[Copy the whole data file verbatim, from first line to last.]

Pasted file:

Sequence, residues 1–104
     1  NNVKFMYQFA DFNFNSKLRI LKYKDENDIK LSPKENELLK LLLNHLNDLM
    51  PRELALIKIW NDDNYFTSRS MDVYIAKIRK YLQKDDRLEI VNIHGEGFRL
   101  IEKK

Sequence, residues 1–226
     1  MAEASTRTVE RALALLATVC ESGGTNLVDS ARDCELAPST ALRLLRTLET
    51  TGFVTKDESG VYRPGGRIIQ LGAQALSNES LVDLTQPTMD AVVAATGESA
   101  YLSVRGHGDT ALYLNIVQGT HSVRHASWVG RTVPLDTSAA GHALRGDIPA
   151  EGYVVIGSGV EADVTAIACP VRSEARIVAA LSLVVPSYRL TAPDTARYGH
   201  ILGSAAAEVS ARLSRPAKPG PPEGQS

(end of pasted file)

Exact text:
Sequence, residues 1–104
     1  NNVKFMYQFA DFNFNSKLRI LKYKDENDIK LSPKENELLK LLLNHLNDLM
    51  PRELALIKIW NDDNYFTSRS MDVYIAKIRK YLQKDDRLEI VNIHGEGFRL
   101  IEKK

Sequence, residues 1–226
     1  MAEASTRTVE RALALLATVC ESGGTNLVDS ARDCELAPST ALRLLRTLET
    51  TGFVTKDESG VYRPGGRIIQ LGAQALSNES LVDLTQPTMD AVVAATGESA
   101  YLSVRGHGDT ALYLNIVQGT HSVRHASWVG RTVPLDTSAA GHALRGDIPA
   151  EGYVVIGSGV EADVTAIACP VRSEARIVAA LSLVVPSYRL TAPDTARYGH
   201  ILGSAAAEVS ARLSRPAKPG PPEGQS